"The premise of this paper is that first principles for instruction do exist and that one or more of these irst principles can be found in most instructional design theories and models. This premise also assumes hat these design principles apply regardless of the instructional program or practices prescribed by a given theory or model. If this premise is true, research will demonstrate that when a given instructional program r practice violates or fails to implement one or more of these first principles, there will be a decrement in earning and performance. Our survey of instructional products also demonstrates that many instructional programs fail to effectively incorporate all of these principles.
The hypotheses of this paper are that:

1. Learning from a given instructional program will be facilitated in direct proportion to the implementation of first principles of instruction.

2. Learning from a given instructional program will be facilitated in direct proportion to the degree that first principles of instruction are explicitly implemented rather than haphazardly implemented."

Basically, Dr. Merrill looked at the existing plethora of models and theories and found out what was the SAME rather than coming up with a different model or theory--a big departure for one of the leading theorists in the field.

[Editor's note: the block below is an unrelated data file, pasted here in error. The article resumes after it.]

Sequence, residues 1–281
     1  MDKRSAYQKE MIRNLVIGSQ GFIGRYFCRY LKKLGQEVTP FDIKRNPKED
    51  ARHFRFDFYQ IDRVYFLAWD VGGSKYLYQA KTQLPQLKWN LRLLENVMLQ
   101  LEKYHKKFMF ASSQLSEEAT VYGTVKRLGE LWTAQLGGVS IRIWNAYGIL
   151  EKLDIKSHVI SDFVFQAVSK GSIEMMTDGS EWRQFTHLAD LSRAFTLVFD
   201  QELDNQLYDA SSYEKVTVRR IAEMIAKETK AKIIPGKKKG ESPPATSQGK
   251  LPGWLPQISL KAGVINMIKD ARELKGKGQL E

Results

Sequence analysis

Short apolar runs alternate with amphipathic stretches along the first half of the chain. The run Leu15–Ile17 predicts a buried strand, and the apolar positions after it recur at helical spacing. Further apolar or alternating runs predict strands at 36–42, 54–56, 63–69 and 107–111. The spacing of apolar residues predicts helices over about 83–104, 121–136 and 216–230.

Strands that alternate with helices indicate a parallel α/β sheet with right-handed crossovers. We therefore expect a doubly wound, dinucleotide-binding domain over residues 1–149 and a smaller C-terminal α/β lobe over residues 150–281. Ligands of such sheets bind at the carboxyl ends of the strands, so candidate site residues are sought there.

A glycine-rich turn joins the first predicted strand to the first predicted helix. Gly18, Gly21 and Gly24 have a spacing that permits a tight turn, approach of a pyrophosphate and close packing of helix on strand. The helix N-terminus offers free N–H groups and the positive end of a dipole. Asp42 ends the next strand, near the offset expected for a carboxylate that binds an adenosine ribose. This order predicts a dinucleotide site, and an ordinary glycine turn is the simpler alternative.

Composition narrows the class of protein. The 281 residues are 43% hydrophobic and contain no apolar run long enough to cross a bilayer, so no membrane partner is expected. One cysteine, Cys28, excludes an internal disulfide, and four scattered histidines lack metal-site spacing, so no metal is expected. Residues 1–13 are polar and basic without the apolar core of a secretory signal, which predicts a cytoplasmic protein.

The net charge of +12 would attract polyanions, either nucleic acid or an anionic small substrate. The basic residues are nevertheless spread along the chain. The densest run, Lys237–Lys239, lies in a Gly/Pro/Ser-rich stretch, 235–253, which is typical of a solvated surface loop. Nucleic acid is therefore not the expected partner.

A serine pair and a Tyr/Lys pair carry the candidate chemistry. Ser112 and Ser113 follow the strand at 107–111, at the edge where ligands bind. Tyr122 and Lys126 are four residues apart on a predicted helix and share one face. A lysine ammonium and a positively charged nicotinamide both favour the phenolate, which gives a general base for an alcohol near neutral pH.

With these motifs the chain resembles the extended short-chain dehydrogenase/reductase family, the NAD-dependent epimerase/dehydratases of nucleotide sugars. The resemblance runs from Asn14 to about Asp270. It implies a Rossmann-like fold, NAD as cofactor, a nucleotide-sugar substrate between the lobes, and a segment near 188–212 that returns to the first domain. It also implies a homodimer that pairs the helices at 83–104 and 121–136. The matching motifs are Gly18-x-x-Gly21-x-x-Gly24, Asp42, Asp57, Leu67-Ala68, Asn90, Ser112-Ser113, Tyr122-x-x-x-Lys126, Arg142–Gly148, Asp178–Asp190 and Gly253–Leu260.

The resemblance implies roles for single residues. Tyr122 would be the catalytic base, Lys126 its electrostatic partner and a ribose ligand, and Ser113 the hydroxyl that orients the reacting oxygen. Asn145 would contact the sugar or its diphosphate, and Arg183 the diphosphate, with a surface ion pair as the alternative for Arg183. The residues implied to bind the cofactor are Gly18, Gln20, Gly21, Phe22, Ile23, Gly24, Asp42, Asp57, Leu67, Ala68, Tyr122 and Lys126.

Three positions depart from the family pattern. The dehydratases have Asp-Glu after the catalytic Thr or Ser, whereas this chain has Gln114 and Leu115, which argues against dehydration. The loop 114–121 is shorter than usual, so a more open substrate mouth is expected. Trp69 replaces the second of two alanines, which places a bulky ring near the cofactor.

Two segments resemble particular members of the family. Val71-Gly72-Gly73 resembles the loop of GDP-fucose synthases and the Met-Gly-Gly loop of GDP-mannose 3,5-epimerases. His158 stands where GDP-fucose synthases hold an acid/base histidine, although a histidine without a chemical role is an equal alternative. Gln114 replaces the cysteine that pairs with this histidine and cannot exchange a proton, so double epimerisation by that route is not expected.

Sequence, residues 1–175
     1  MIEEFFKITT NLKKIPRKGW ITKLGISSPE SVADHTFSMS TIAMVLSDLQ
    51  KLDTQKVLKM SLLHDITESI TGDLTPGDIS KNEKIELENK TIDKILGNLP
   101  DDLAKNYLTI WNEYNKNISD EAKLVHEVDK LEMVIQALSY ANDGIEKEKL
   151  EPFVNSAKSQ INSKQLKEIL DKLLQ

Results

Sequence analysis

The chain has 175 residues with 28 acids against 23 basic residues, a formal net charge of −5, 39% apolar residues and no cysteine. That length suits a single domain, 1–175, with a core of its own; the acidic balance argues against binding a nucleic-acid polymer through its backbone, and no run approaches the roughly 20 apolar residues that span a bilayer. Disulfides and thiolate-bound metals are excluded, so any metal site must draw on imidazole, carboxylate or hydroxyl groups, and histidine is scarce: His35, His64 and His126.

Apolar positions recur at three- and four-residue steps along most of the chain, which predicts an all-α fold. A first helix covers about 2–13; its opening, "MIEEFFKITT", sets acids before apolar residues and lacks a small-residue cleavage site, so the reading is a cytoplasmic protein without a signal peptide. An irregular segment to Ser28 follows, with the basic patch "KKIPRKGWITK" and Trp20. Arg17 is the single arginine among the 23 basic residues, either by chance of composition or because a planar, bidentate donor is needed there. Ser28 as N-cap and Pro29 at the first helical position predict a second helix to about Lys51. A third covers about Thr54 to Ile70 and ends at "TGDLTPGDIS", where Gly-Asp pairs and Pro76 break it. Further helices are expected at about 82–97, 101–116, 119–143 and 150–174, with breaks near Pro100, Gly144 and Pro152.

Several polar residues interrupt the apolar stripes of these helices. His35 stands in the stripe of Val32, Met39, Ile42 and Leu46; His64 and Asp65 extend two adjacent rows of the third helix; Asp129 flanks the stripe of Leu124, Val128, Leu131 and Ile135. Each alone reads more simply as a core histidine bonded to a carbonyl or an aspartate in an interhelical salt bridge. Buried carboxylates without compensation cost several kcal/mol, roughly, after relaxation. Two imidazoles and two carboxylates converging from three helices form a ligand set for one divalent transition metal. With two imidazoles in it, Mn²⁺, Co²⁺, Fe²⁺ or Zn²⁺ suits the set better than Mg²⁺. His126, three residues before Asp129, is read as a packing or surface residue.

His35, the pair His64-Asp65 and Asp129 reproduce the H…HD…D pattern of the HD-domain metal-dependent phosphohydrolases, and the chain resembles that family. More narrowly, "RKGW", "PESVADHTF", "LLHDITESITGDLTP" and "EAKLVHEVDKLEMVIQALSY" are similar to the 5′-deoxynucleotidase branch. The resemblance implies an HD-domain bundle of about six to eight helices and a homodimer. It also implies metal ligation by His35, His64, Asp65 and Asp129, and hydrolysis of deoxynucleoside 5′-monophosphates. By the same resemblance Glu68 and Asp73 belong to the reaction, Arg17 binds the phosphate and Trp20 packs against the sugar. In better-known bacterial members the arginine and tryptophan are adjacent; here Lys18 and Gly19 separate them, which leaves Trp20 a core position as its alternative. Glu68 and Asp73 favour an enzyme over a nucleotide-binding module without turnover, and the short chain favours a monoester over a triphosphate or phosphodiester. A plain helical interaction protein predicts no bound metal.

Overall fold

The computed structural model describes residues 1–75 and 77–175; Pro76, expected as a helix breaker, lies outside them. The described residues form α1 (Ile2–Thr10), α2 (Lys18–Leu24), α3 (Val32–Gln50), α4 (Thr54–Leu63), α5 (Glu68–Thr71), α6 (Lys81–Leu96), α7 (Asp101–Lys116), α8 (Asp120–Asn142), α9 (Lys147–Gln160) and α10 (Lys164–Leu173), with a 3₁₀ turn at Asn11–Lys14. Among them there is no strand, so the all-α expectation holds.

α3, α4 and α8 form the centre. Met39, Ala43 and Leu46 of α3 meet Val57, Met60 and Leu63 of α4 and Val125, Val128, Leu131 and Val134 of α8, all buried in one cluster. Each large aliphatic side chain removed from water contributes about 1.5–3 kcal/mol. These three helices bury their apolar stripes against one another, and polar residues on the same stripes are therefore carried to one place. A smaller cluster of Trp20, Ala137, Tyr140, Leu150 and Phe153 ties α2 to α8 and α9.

I would argue that if Cammy read this paper, it would be all the "education" she would need as a designer. After all, what is the aim of instructional design? In my book, it is to produce effective, engaging, and efficient instruction. If Cammy can do that without the master's degree, then more power to her.

So back to her question: where would she be with academic training in instructional design? Probably at the same spot. She may or may not be making the same amount of money, but she would more than likely be in the same spot.

So what does all this mean? I spend a lot of time recruiting graduate students to our program and, as I refer to it, "preaching the gospel of instructional design." If it's not necessary, then why do I spend so much of my time saying this is so important?

Because it's my job, and I love doing it. I love the art of instructional design. Any six year old can splatter paint, but that doesn't make them Jackson Pollock. It takes a real talent to create great instruction fluidly, with purpose, and I can't teach that. You either have it or you don't.

So I find myself the longer I do this I come back more and more to my conversation with Platte and having conversations like this with Cammy. Theoretical instructional design needs to mirror practical instructional design more. And when it does, and as our field shifts to more designers-by-assignment, then we'll be on to something important.

My gosh, what kind of posting maniac has Cammy unleashed?


  1. There's no doubt that the theory of instructional design is different from the practice of instructional design and vice versa. I learned that immediately after being employed as an instructional designer for the first time.

    To explain the difference between theory and practice, a M*A*S*H episode stuck with me - if you're familiar with the show, it's when Charles Winchester is first deployed; he's used to the hospital environment and is quite unnerved by the fast-paced MASH setting and surgical practice.